Nestled deep in the heart of Birmingham, beyond the bustling weekend shoppers of the famed Bullring and a stone’s throw away from the iconic New Street, a modern art revolution is taking place.
In a comparatively small yet impressive red-brick building sits the Ikon gallery. Opened in 1964, the gallery has dedicated the past 50 years to bringing cutting edge of art to the second city, representing both the culture of modern Birmingham and of modern Britain as a whole.
Ikon is not the most obvious choice for the name of an art gallery, but the simplicity of the title is evocative of the straight to the point nature of many of the art on show. Quoted on the gallery’s website, Robert Groves explains: “I was particularly interested in Russian or Greek – eastern orthodox – icons, and thought well ‘Ikon’ is a lovely word. It means image and you get a four letter word that divides beautifully geometrically and was splendid in all directions.” Even through its written title, the Ikon maintains a commitment to the highest form of contemporary art.
The Ikon is of course not the second city’s only art gallery, having to compete for plaudits with the much larger Birmingham Museum and Art Gallery in Victoria Square (whose current I Want! I Want: Art and Technology exhibition is really worth a visit). What Ikon has over the bigger museum, though, is its commitment to contemporary art and the rolling nature of its exhibits. Although the museum contains a fantastic selection, it is heavily weighted towards older art and tends to maintain the same key exhibitions year-round, discouraging multiple visits per calendar year. Of course the galleries both add merit to the city centre and can exist in harmony, but the Ikon is certainly the top location for cutting edge art and ideas.
Take, for instance, Oliver Beer’s most recent exhibition, which ran from March 15 – June 4. As an artist, Beer is interested in the ways that sound can be used to make art, blending film, sculpture and sound in a sensory, multidisciplinary approach. During its three-month stay, Beer’s work made the Ikon’s top floor its home, though the most piece found itself located in a room of its own; visitors were encouraged to put on headphones and listen to a cacophony of voices swirl around the phrase ‘pay and display, except on Sunday’ over images of an urban car park. Making the mundane musical.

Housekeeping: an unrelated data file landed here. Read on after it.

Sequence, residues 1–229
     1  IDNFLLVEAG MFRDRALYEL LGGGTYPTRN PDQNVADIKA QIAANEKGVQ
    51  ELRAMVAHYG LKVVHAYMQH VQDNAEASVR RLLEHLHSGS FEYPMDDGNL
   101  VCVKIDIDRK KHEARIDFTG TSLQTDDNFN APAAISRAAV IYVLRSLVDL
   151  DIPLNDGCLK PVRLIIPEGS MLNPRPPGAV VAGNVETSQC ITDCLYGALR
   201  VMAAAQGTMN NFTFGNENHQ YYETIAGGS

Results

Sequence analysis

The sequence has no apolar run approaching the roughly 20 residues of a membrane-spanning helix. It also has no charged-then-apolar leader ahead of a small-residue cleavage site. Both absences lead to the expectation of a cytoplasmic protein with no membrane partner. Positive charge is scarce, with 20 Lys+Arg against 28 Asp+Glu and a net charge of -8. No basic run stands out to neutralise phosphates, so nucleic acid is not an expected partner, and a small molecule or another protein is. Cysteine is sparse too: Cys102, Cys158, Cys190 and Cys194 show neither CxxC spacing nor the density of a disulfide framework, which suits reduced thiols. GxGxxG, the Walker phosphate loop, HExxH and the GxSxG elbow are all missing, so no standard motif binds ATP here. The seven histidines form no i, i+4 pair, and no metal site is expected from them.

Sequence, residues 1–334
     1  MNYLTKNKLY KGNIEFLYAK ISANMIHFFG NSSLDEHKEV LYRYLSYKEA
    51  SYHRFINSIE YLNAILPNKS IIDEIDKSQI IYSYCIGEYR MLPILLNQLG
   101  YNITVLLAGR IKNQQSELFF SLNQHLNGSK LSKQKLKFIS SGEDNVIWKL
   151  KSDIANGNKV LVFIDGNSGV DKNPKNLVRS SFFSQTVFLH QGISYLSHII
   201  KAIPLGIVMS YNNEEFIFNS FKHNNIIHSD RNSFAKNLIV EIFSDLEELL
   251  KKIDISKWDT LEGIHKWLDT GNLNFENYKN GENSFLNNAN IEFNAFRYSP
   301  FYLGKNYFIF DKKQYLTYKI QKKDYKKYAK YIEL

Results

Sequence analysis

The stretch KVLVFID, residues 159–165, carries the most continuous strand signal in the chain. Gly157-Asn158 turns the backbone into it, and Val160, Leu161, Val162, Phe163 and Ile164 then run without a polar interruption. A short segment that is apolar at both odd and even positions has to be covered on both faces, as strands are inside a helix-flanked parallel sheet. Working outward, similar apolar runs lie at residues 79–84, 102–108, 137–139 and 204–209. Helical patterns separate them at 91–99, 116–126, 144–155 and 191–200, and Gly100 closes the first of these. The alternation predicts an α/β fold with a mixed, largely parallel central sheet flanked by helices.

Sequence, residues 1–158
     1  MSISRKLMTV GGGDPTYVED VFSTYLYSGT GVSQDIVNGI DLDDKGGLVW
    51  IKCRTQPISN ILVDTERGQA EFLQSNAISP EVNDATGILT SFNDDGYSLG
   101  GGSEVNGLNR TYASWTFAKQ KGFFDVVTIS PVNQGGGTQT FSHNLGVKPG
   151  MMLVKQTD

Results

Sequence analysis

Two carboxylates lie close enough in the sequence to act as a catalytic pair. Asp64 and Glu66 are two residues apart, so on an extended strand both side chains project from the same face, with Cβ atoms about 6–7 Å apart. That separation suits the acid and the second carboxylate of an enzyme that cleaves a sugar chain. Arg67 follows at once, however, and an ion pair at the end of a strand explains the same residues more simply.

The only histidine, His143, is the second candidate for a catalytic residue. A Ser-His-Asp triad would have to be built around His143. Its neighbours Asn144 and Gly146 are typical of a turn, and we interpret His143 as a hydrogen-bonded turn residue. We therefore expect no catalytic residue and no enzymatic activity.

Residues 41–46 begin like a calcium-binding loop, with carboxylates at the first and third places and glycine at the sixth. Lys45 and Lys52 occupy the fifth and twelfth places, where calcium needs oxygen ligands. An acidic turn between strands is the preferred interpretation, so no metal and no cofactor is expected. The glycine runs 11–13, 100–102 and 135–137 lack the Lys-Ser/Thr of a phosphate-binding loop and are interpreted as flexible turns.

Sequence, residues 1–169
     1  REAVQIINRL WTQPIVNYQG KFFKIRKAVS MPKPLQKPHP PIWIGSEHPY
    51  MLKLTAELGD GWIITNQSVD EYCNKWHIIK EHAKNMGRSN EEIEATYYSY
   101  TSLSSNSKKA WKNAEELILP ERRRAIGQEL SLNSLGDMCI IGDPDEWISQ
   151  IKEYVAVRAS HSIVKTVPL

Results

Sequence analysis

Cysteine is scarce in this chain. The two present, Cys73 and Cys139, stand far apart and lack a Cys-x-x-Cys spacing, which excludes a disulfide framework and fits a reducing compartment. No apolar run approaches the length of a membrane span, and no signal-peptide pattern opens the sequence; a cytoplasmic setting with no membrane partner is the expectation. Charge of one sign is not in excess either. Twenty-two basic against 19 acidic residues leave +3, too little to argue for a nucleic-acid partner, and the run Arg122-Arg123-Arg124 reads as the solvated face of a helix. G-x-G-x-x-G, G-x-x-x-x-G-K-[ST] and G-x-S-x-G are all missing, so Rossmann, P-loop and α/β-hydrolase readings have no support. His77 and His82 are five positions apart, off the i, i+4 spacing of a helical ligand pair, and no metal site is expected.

The Ikon places its work in the heart of the city, both physically and through its involvement with Birmingham’s people. This was clear from my recent visit, where I found myself confused by a room on the first floor, which appeared to be dedicated to the drawings of children. My confusion was quelled after making it up the stairs to Beer’s exhibit, where to my amazement the drawings had been weaved together in animated form to create a scene from Disney’s The Jungle Book, with members of the public drawing the iconic shapes of Baloo and Mowgli. It is refreshing to see the Ikon encouraging a love of contemporary art in children, as the revolutionary and combative nature of some areas of modern art can bring about themes which exclude the youth and turn them away from the fantastic art being created around them.
This commitment to the city of Birmingham is continued through the food on offer to gallery attendees, as the Ikon has teamed up with Birmingham’s famed café connoisseurs Yorks, who provide the perfect combination of artisan coffee and forward-thinking culinary delights (a high-street chain, this is not).
With free entry year round and a continuously revolving door of exhibitions, the Ikon gallery is somewhere to visit only once. Once a month that is. Once you step inside the gorgeous red brick walls of the building you will fall in love with the cutting-edge exhibits, the quirky treats on offer in the well curated gift shop and be amazed by the most interesting lift in all of the midlands (to reveal why this is the case would be to ruin the surprise).
The Tate Modern and V&A may catch the eyes of most of the country, but the Ikon is here to remind us that art and artists do exist outside of the capital – and we’re better for it.
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